Claire Linsay

Australia

Hub Leader

[email protected]

My Gastroschisis journey began with my 12 week ultrasound. I was told “the organs are on the outside, sometimes they’re lazy and make their way in later…come back in 4 weeks time”. Four weeks passed, and the diagnosis was Gastroschisis. Living in Coffs Harbour, a regional town on the mid north coast of New South Wales Australia, our local hospital was not resourced to deliver Gastroschisis babies. I was due to be induced at John Hunter Hospital in Newcastle at 37 weeks gestation. I made it to 32 weeks before Archie decided it was time to enter the world. What followed was a 26 hour labour, severe weather leading to an emergency flight interstate with Archie being naturally delivered at the Mater Mothers Hospital Brisbane, Queensland at 12:10am on 12th May, 2010.

Archie’s small and large intestine and his stomach were hung using the Silo Procedure. It took ten days for the organs to make their way back inside of the body. He came off life support and I got my first cuddle after ten days… it was the happiest day of my life. A vacuum dressing and silver was then used to close the hole. Being in the NICU was an experience like no other and it has changed me in many ways. I have a deeper understanding and respect for the miracle of life. The bubbling of CPAP machines, doors constantly opening and closing, machines beeping day and night, Lactation Consultants, Doctors and Nurses, it was hard to bare, when all you want to do is take your new baby home. I’d felt robbed of so many things, an enjoyable pregnancy, holding my baby after delivery, and now breastfeeding.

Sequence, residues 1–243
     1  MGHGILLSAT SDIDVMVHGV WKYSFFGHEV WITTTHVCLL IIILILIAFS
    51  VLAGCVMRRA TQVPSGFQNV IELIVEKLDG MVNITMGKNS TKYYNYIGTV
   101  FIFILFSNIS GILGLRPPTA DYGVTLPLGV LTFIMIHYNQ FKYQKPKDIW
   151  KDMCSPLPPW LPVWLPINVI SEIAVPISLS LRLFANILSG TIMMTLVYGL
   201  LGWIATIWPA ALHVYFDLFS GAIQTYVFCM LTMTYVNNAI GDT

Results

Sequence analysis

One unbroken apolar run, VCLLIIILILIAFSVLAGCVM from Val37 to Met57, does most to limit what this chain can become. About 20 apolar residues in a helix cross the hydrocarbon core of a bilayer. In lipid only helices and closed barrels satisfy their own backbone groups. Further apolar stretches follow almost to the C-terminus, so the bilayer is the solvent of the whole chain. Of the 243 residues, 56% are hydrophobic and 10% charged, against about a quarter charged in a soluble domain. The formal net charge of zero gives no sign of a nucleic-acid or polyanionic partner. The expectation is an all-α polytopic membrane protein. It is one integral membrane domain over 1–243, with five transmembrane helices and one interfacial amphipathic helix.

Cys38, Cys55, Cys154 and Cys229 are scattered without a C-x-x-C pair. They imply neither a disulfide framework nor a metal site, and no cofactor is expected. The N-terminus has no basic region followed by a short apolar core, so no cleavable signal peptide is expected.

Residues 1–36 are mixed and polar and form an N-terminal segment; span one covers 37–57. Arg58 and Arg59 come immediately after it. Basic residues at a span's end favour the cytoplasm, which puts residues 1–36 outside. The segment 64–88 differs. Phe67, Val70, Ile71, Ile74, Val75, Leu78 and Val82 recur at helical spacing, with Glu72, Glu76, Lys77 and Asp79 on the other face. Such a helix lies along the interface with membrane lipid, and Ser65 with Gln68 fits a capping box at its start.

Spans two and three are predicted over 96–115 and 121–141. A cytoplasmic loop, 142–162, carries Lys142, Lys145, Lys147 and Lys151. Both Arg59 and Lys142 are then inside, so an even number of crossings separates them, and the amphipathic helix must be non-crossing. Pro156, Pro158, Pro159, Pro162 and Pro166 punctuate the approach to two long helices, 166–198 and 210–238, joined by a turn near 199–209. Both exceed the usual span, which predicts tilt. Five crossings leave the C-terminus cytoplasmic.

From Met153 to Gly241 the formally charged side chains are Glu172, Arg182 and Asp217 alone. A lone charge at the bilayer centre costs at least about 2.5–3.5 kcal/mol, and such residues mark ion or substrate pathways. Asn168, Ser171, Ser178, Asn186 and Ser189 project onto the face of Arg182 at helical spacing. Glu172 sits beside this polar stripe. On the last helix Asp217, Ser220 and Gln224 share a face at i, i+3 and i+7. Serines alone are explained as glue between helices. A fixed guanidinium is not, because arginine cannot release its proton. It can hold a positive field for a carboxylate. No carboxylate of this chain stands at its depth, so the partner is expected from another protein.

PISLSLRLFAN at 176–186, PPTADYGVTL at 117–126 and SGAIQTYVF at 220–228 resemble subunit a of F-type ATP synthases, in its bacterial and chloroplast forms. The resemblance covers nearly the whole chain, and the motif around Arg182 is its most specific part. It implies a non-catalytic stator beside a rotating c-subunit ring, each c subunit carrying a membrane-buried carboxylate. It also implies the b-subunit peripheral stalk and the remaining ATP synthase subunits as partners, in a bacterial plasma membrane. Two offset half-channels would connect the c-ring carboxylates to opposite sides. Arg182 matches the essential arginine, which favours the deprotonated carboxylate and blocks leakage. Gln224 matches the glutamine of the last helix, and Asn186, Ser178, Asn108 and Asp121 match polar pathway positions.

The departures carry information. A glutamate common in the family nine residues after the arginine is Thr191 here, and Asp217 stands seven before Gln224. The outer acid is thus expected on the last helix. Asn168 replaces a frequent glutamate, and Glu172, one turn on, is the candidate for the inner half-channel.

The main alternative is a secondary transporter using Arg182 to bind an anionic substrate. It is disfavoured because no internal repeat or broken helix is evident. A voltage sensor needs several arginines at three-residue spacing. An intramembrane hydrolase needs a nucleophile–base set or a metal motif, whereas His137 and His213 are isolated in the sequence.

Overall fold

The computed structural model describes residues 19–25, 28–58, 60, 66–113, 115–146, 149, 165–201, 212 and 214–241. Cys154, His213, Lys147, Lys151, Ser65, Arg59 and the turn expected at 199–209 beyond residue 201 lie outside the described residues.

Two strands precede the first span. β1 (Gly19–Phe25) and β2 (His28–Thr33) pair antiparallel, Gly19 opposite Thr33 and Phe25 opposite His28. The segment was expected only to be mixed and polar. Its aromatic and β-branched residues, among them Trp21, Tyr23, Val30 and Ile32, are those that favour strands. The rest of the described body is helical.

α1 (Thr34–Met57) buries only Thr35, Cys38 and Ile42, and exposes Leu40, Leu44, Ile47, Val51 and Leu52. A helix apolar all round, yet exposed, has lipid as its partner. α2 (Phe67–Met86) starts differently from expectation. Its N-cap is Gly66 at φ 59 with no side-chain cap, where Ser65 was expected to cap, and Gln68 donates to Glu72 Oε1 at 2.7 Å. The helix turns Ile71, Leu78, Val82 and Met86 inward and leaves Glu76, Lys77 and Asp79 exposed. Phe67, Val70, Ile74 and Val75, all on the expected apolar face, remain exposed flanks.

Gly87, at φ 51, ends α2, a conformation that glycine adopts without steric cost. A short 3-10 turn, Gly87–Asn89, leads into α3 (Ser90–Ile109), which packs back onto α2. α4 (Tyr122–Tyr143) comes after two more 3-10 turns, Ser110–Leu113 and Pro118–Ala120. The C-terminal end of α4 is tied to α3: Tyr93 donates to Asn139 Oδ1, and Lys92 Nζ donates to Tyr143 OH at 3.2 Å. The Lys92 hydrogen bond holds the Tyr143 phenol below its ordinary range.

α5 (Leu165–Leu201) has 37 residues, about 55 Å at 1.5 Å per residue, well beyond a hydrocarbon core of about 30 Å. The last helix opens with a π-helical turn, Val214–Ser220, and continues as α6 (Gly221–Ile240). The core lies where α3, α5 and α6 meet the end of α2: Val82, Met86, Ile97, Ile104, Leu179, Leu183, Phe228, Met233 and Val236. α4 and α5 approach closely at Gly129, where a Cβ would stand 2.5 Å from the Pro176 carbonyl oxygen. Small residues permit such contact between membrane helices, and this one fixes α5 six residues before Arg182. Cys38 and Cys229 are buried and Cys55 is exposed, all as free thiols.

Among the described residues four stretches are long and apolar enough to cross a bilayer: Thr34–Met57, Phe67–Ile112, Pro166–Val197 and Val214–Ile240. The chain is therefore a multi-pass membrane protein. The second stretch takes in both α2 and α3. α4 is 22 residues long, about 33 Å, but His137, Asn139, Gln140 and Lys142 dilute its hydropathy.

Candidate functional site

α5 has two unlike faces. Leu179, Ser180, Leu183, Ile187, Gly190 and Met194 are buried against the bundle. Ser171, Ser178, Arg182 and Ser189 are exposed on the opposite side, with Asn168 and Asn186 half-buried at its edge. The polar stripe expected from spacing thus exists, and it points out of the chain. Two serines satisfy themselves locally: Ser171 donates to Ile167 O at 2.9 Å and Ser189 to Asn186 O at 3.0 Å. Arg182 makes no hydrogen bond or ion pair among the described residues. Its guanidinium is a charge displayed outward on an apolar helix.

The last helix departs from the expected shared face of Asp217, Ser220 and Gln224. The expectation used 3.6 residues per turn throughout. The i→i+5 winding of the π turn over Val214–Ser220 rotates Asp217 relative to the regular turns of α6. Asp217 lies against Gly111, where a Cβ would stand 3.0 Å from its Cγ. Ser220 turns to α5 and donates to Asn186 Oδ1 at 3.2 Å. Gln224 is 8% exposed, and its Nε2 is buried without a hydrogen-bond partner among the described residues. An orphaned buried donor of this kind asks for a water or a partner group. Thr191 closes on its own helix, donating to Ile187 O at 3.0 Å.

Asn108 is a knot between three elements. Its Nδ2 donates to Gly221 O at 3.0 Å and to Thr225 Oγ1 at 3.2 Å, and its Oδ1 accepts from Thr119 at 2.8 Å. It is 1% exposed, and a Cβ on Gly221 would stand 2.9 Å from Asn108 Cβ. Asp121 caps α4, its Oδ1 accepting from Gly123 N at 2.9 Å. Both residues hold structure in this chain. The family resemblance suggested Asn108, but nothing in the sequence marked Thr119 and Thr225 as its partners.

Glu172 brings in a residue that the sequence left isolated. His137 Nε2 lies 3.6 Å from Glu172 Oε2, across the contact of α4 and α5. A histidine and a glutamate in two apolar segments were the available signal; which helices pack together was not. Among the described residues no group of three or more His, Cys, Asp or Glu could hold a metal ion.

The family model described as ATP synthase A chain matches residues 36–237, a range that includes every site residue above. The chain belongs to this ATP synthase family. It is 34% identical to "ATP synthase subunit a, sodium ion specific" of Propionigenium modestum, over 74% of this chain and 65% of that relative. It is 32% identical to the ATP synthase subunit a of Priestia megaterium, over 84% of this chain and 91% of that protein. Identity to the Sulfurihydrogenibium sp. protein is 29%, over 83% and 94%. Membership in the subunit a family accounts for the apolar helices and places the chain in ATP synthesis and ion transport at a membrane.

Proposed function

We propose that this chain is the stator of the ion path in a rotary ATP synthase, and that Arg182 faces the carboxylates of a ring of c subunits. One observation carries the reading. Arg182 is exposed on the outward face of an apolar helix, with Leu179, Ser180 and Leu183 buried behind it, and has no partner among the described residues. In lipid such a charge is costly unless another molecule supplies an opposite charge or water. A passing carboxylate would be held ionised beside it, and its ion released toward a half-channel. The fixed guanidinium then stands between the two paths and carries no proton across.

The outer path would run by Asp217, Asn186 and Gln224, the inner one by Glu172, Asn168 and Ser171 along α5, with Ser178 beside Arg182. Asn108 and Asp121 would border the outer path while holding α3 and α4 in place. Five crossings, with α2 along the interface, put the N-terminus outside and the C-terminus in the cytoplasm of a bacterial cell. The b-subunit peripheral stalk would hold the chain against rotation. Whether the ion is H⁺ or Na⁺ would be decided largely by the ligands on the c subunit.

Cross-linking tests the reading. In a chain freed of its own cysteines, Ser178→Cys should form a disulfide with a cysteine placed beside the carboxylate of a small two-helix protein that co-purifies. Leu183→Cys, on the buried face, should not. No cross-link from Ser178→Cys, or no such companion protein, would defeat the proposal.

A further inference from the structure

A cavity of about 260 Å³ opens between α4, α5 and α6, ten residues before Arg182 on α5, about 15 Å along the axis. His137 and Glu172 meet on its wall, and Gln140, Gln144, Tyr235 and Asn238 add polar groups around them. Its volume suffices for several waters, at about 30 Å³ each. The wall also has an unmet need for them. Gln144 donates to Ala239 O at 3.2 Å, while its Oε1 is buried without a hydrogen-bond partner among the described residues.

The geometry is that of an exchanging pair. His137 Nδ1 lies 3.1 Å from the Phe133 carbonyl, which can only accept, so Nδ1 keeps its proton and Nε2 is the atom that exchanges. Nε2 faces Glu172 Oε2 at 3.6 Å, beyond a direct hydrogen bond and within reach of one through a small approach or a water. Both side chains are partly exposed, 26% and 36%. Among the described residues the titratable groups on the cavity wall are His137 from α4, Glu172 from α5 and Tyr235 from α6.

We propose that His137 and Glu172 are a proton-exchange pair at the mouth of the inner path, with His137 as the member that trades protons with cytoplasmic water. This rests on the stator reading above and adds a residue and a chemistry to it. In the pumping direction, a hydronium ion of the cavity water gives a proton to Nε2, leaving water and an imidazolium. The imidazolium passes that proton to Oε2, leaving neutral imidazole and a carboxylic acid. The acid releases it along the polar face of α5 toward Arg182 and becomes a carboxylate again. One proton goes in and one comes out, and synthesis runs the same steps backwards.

It was one step forward, two steps back with Archie’s recovery. He was discharged from NICU after 3 months but after two stints in our local hospital for vomiting, we were back to Brisbane and were admitted to the Childrens’ Hospital. Total gut rest, TPN, Barium scans, a gruelling few weeks passed before Archie was diagnosed with NEC. He fought through numerous blood transfusions as his tiny body was pumped full of antibiotics, it was heartbreaking to watch. After 4 months and 6 days, my Archie bear came home. However, a blood clot in the jugular meant that he came home with an inserflon in his leg and on blood thinning daily needles which I had to administer.  This combined with the daily dressing of the Gastroschisis wound, meant that I’d gone from first time mum to nurse in what felt like a whirlwind.

I am now an accidental activist and have spent the last 8 years of my life on a mission to understand as much about Gastroschisis as I can. I am honoured to be Hub Leader for New South Wales, Australia it is a role I very much embrace. Spreading awareness, pushing for research and uniting a community through support are my goals and priorities. I have two children, Archie and Evelyn.